I attribute this feeling to the fatigue and disenchantment of having experienced relationships that didn’t work but also from coming closest to being the person I should have always been all along and now don't want to tamper with.
I don’t envy the partners of older transgender people. We who have taken so long to come to terms can compare our progress to a patiently moving snail. We lurch along to finally come to a resting point that often surprises the partner who justifiably can claim false advertising, but even sometimes ourselves who were certain that place was elsewhere on the spectrum.
In my case being transgender wasn’t really what ended each relationship but not being able to be fully myself complicated matters by adding a layer of stress that I didn’t need and amounted to me feeling like an important part of who I was need not manifest itself. In other words, I felt I needed to make sure it stayed compartmentalized and out of view.
This is not to assign blame as much as to point out the reality that if the partner is in any way uncomfortable with your identity, you will feel this discomfort at times in a very palpable way. But now I am truly at ease with a way of living that I won't roll back for anyone because one doesn't negotiate an identity.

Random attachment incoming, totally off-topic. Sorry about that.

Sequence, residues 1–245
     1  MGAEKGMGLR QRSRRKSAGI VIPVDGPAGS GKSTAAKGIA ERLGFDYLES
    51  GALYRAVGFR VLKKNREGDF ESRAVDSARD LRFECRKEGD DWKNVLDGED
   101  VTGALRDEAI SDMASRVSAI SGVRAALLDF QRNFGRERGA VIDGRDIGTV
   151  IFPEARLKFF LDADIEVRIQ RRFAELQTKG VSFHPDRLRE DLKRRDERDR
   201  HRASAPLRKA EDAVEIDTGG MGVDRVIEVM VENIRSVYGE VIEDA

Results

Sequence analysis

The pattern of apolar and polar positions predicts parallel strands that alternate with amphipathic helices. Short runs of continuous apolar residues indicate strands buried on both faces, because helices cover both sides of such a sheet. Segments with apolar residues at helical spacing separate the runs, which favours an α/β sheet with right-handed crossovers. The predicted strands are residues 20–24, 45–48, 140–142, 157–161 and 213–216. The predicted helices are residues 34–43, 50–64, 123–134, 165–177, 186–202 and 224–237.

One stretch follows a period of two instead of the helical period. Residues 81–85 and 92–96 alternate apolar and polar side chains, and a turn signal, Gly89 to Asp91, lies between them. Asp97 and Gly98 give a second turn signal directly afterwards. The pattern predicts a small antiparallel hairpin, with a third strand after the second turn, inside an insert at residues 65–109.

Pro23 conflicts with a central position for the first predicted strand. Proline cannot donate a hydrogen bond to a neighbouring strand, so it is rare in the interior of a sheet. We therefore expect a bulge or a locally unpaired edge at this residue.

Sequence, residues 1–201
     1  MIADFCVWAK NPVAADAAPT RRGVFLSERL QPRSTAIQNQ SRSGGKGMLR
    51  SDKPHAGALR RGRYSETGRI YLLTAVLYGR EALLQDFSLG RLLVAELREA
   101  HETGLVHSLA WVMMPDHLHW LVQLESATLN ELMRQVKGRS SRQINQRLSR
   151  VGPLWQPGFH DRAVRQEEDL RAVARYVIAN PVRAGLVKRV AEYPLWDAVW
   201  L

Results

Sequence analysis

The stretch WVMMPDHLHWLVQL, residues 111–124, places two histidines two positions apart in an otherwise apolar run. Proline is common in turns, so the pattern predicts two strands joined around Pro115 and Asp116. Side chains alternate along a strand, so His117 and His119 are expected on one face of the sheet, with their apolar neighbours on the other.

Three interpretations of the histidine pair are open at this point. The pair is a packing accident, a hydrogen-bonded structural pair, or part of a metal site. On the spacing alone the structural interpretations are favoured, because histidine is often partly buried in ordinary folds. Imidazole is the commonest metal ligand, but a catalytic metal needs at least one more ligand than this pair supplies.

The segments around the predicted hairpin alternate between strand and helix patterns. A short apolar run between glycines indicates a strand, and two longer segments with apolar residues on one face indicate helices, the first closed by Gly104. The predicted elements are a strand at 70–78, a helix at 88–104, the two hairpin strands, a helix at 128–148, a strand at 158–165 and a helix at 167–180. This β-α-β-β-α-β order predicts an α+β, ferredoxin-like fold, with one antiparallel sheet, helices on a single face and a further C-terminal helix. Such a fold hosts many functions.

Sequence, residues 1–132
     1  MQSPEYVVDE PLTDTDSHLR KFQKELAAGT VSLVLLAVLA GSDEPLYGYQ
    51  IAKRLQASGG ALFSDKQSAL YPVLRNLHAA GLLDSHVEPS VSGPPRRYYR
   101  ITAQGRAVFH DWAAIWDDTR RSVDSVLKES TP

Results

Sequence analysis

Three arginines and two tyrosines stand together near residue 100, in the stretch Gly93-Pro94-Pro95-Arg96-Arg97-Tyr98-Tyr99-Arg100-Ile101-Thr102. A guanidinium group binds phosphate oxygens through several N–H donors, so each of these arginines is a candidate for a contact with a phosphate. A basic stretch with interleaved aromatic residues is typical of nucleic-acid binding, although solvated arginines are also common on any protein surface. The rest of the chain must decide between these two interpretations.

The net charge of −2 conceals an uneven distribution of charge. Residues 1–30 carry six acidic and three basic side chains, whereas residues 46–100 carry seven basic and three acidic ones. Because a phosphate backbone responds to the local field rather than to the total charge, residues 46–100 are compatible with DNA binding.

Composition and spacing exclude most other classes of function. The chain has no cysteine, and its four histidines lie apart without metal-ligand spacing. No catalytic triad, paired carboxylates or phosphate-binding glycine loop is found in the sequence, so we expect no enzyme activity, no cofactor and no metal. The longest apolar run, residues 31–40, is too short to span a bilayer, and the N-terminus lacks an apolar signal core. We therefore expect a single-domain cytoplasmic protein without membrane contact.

So my advice to potential partners would be "caveat emptor" (buyer beware) and to the transgender person I would say “know thyself” as soon as possible so you can be your true self right from the start. In that regard, I am so glad for today's youth for they will be able to tackle their dysphoria head on much earlier in life and avoid this type of scenario.
I have now been writing this blog for almost 5 years and I have come a long way since then. Hopefully I will have many years still to go living as myself.